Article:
The case of an Alabama woman who vanished after calling 911 to report a child walking along an interstate captivated the nation this week and put a spotlight on the issue of missing Black women and girls in the United States.
Carlee Russell’s disappearance has raised concern about what it could mean for the over 500,000 people who go missing every year.
“I don’t want it to affect anybody else who ends up in this situation where they can’t get help,” said Derrica Wilson. “We can’t allow this one case to diminish or lessen the importance of the hundreds and thousands of people who are missing.
Wilson, co-founder of the Black and Missing Foundation, said 40% of missing people are persons of color.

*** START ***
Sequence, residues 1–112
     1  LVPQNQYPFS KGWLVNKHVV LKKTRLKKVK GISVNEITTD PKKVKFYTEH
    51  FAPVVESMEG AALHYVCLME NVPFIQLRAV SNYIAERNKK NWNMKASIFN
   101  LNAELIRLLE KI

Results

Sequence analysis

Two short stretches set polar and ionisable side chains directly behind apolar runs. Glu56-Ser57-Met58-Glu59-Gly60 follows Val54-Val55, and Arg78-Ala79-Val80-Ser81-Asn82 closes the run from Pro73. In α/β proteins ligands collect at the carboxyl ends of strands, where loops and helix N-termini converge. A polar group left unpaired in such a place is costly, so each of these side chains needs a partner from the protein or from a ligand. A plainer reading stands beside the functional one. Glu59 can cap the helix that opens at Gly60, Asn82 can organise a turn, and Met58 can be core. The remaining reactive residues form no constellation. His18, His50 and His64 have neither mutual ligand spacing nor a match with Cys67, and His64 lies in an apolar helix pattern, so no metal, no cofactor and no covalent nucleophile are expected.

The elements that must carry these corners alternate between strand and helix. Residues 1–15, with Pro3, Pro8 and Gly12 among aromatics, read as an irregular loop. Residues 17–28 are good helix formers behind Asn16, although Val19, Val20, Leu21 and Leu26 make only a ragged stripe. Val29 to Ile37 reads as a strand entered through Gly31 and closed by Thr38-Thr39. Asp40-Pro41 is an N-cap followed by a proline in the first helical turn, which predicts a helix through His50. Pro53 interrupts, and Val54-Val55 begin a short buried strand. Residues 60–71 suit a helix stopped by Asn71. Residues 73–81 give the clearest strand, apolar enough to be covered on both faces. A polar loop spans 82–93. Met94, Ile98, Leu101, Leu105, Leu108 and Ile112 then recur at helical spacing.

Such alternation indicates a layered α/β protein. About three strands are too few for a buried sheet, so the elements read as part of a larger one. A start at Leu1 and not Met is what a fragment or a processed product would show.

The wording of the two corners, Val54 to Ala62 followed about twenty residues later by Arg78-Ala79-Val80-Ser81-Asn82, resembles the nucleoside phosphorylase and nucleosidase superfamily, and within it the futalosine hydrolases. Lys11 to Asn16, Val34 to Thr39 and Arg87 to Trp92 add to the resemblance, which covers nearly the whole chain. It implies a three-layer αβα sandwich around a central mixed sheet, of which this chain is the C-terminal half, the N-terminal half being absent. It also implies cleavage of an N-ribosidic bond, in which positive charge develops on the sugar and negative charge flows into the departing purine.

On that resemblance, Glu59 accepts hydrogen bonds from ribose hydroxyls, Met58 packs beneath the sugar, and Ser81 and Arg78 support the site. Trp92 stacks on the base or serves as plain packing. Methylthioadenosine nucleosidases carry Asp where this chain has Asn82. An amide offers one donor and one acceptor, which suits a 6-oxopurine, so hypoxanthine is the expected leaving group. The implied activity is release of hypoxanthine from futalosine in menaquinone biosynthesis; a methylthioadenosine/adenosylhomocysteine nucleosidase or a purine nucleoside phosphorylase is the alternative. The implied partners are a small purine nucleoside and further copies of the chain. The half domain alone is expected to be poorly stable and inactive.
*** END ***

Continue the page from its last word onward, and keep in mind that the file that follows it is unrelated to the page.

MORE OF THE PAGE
When Russell first disappeared, the foundation was flooded with calls to help in the search, and now her hope is that Russell’s story brings more attention to the families that still need help.
“Regardless of race, regardless of gender, and regardless of zip code, these families need help and all of these cases deserve the same approach,” Wilson said.
Police aren’t aware of any previous mental health issues for Russell, and there is no report of drugs or alcohol in her system when she returned.
Police shared evidence disputing her abduction, including cellphone searches about the movie “Taken” and if you have to pay for an Amber Alert.
Russell’s disappearance prompted a multi-state search involving law enforcement, friends, family and strangers. Now, police are casting doubt on her claim that she was kidnapped. Authorities have gone so far as to say they have no evidence that the child Russell called 911 about actually exists.
Police say they have tried speaking further with Russell. Her parents declined that request, saying that she is still too traumatized and not ready to talk.
Police in Hoover are still investigating what happened in those 49 hours that Russell went missing.